There's also a cleared area next to the lake which looks to be the site of the old research facility.  Nothing there anymore.


At the east end of the berm is a small stream draining the lake.  But across the lake's outlet is a boom.


So here's my question... If the site was cleaned up 40 years ago, and declared OK for unrestricted use, and nothing exists around the lake anymore, why the hell is there a boom here?  What is it supposed to be catching off this "pristine" lake in the woods?  Strange.

It gets even stranger here.  No, not this growing tree, although it was odd too.  Just wait.


The lake, as advertised, is quite beautiful with a very nice trail looping around it.  I definitely want to return in summer when everything is green (although not sure if I'd swim in this lake).

 View from the south end of the lake

View from the north end of the lake

The best thing about the lake is that it's a mile walk in from the road so that keeps out much of the riff raff.  I had the entire place to myself - not a soul in sight.  I'm sure summer would be a different story, however.

Now for some more strangeness.  At the north end of the lake, there are a bunch of stone walls in the woods.  Not normal stone walls like I'm familiar with - the straight walls that once lined farmer's fields but now lie in the woods as some hardscrabble farms were abandoned a century ago.  No, these stone walls ran up and down hills in curved paths.  Not marking farmer's fields either since no one could farm anything on the steep, stony hillsides around this part of the lake.

A curvy stone wall running to the lakeshore

Another zig-zagging wall

Who the hell builds a rock wall that zig-zags up the hill?  It's certainly not marking anyone's property line.  Another ran parallel the shoreline.  Why do that?

Is there a point to this?

One area had a wall encircling an artificial hill of stone.  It looked like a ritual space to me.

Wall went around this mound

Another wall enclosed a rectangular area but was too sloppy to be a building foundation.

Not a foundation - Again, what's the point?

Very strange.  Who built all of these stone walls (there were a lot of them!) that are running willy-nilly all over the place and why?

Here's another strange thing I've never seen before.  On the trail by the stone walls was an eviscerated bird - headless and gutless (not sure what the bird was, but I assume killed by a raptor).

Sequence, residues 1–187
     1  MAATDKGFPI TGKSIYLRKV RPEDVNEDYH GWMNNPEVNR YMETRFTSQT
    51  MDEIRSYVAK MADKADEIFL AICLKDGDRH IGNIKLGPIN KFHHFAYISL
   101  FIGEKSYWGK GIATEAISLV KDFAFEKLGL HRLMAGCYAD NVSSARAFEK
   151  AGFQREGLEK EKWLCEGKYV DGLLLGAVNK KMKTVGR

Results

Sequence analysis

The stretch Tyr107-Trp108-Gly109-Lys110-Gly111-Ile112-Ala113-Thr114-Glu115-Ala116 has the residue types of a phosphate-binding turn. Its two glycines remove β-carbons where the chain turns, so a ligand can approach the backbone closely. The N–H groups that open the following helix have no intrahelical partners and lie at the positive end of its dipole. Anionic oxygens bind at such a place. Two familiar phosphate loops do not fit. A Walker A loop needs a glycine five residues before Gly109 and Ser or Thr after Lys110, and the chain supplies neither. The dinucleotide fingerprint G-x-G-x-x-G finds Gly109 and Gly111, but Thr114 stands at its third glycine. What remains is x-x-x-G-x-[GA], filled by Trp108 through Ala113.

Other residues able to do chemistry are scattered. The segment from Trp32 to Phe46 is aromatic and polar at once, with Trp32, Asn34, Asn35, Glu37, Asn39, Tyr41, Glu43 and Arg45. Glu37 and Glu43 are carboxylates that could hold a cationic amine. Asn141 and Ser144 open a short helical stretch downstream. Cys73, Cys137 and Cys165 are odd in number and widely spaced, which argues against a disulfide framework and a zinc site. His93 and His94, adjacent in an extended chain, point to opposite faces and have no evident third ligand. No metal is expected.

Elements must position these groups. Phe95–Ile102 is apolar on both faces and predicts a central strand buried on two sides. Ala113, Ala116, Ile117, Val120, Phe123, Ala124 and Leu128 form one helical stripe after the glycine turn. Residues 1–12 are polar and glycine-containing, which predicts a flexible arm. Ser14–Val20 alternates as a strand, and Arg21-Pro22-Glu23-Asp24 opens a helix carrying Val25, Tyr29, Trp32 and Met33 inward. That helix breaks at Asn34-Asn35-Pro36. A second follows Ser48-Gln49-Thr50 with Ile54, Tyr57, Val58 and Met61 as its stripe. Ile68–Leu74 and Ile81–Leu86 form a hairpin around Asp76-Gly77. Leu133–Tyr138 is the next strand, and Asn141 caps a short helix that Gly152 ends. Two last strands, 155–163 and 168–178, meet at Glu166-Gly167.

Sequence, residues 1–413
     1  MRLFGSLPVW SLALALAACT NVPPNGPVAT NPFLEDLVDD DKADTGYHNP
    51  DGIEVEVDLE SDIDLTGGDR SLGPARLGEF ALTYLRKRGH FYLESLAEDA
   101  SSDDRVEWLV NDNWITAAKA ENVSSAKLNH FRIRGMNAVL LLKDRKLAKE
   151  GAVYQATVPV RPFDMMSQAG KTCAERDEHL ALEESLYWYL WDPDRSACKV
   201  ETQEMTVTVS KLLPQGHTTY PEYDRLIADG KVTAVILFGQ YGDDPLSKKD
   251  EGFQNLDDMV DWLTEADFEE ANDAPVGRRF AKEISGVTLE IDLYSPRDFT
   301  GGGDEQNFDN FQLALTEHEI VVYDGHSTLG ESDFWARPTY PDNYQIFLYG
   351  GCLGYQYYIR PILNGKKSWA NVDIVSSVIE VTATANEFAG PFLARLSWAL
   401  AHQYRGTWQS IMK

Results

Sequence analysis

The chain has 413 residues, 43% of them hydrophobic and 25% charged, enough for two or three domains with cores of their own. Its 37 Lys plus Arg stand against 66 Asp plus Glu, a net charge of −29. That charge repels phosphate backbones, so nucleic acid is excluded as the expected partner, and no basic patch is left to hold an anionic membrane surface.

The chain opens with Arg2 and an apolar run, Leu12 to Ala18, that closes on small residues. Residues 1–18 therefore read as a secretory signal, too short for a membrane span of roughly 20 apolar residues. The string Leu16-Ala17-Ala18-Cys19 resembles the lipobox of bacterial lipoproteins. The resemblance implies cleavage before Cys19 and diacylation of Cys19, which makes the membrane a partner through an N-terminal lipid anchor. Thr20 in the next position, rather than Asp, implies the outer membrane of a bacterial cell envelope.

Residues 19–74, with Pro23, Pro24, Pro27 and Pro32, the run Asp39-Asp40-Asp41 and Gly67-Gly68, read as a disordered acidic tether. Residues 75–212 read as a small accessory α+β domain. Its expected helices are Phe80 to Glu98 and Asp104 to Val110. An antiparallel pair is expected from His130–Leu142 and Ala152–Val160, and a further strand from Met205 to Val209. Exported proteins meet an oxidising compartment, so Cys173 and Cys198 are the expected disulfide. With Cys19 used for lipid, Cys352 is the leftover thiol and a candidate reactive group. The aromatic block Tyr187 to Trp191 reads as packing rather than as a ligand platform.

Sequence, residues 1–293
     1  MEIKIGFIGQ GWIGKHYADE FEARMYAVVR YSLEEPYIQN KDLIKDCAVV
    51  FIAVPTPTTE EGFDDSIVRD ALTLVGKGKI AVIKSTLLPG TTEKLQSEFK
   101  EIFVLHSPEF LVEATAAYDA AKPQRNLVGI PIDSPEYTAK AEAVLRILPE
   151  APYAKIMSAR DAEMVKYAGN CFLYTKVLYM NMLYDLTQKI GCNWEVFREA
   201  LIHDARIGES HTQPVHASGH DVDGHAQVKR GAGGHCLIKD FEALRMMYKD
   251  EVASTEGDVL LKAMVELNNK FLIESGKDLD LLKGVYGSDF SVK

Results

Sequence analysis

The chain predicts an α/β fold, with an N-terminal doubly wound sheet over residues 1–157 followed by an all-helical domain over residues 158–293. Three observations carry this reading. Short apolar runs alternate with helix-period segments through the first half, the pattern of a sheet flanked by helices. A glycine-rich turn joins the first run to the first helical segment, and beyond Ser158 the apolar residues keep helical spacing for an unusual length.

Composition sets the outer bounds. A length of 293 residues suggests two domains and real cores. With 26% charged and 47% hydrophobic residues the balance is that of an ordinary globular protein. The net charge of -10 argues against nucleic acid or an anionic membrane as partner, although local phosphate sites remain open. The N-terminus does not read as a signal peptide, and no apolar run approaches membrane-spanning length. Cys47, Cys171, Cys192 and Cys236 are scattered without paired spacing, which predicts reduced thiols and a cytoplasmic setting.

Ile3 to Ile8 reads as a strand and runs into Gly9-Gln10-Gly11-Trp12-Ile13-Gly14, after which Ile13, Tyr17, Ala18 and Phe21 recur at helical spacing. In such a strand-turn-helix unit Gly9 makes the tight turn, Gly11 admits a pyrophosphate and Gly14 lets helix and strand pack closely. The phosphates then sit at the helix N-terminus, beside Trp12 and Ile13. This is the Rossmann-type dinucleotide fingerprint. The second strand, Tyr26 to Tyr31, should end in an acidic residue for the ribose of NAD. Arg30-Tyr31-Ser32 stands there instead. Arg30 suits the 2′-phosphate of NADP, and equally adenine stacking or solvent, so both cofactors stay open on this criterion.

But wait, if you like strange, it gets even better.  Nuclear Lake also happens to be the site of several Bigfoot/Sasquatch sightings over the years!  Some have claimed that if you take a stick and bang on a tree, you can call a squatch (those in the know call them "squatches").

So, of course, being the type of person I am, at the furthest end of the lake, the place with the odd stone walls and eviscerated bird, I picked up a dead stick and struck a fallen log three times - thump, thump, thump.  Nothing.  No squatches in the area, or so I think.  But 10 minutes later, when I was sitting down on a flat rock on the shore of the lake (hand over my heart and swear to god), I distinctly heard two thumps.  Then two thumps again.  Then, a few minutes later, a weird yowling scream (it kind of sounded like a domestic tom cat but there are no houses within a few miles of this lake).  The ducks in the lake didn't like it either since they started up a loud quacking in response.  Here I am sitting all alone in the woods, not quite helpless but feeling pretty exposed, two miles from the road, feeling chills up my spine.  Cue spooky music.

No, I don't believe in sasquatch, but I have no idea where the thumps came from (sounded like something banging a log just as I did - another squatch caller?).  The yowl may have been a coyote or maybe a bobcat, I have no idea but it was real and spooky.

All in all, an excellent hike (but bring a hiking buddy if you're easily spooked!).

Thursday, December 4, 2014

How much does a millstone weigh?

Not far from the college where I teach is an old millstone laying decoratively on the ground.


I've been doing some research on millstones lately so I was wondering how much a typical millstone like this would weigh.  Measuring it gives the following dimensions:

   Diameter = 53 in
   Thickness = 8 in
   Hole = 13 in square

This millstone happens to be made of Shawangunk conglomerate which is composed almost entirely of quartz.  All geologists know the density of quartz which is 2.7 g/cm3.  I want to keep everything in more familiar units so that corresponds to about 0.1 lb/in3.

The volume (V) of the millstone would be:

   V = π (d/2)2 t

where d is the diameter of the millstone and t is the thickness.

   V = 3.14 (53 in / 2)2 (8 in)
   V =  17,641 in3

We have to subtract out the volume of the square hole in the middle (13 in * 13 in * 8 in = 1,352 in3)

   V = 17,641 in3 - 1,352 in3
   V = 16,289 in3

Now we can multiply this by the density of quartz to get the weight of the millstone.

   Weight = 16,289 in3 * 0.1 lb/in3 = 1,629 lb

Over 3/4 ton!  Imagine moving this many miles, over rough terrain, with man power, a wagon, and maybe a mule or two.